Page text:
The income approach assumes that investors have a number of alternatives to put their money into, from risk-free government debt, such as US Treasurys, to venture backed start-ups. In an efficient market, sensible investors demand greater returns for assuming the extra risk. The value of a start-up is seen in the context of this question, “What kind of return can an investor expect for putting the money in a non-marketable start-up?”
The answer depends upon the expectation of future income that the company can reasonably earn. To apply income valuation methods, you need to project future earnings of the company.
This is somewhat easier to do for an established company by looking at its earnings history. The uncertainty is always there, and it is much higher for a start-up with little or no income track record.
Assessment of a public company’s potential earnings is something the investors do as a group every day. That’s the basis for setting the stock prices. In a sense, you can see the collective investor opinion better than predict what the company will actually be able to do in the future.
A number of analysts make a good living offering advice on future business performance. Yet time and again their forecasts have proven wrong. There is always a day of reckoning as the financial publications report just how close a company came to analysts expectations. Disappointing the market expectations can send a company’s stock prices tumbling down.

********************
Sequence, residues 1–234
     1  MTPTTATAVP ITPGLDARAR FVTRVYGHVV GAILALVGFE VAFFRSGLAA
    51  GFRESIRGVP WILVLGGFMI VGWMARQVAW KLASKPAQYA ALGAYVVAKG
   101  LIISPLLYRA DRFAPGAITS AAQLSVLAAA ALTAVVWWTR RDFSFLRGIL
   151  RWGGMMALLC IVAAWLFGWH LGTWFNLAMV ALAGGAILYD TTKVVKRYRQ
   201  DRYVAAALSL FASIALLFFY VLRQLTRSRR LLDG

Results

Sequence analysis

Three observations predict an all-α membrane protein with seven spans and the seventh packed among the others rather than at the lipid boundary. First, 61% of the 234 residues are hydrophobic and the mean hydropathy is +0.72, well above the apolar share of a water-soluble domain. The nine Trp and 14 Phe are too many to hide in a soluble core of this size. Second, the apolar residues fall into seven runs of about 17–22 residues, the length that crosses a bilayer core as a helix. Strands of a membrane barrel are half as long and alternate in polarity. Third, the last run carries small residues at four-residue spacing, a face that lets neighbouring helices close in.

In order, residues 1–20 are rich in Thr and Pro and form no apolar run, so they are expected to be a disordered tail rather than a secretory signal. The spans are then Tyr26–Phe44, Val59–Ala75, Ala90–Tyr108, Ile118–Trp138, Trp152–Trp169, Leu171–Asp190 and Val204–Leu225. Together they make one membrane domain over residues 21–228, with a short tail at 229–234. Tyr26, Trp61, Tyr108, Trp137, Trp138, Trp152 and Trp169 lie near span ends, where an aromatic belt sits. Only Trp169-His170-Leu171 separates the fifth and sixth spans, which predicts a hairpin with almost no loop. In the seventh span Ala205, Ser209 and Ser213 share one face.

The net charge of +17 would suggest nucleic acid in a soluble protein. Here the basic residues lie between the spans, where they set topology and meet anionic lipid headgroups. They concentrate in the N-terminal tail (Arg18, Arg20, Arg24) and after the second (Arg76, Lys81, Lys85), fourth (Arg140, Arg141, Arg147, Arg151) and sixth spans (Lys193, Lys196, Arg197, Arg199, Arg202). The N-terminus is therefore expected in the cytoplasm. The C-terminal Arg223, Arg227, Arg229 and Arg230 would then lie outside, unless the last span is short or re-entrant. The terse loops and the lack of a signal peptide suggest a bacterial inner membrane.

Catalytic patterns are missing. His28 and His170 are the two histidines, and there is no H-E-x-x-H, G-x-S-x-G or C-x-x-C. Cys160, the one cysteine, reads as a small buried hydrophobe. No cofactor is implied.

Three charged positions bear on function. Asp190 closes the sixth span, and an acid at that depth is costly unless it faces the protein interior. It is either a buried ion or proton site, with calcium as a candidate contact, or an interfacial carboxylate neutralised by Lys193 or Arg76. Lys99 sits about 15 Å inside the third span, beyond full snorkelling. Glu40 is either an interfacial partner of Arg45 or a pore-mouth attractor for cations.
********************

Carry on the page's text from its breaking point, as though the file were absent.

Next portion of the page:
For a start-up, there is little basis on which to set your expectations. You have to make a judgment call as to the likelihood of business success. Even with an excellent product offering, there is the lingering questions as to whether the business team will be able to turn the potential into actual profits.
It is not unusual to consider a number of possible outcomes for a start-up. You can develop a cash flow forecast for each of the scenarios. Applying the income based methods, such as the discounted cash flow technique, gives you a business value result for each anticipated outcome.
You can then assess just how probable each scenario is. Perhaps the company can meet most of its key objectives and achieve a level of earnings as the best case. On the other hand, unexpected difficulties could limit its progress, and the earnings forecast you create would represent the worst case scenario.
You can use the results of business valuation under each scenario, then combine them to calculate the average. Alternatively, the range of business values can indicate where the actual business worth is likely to fall.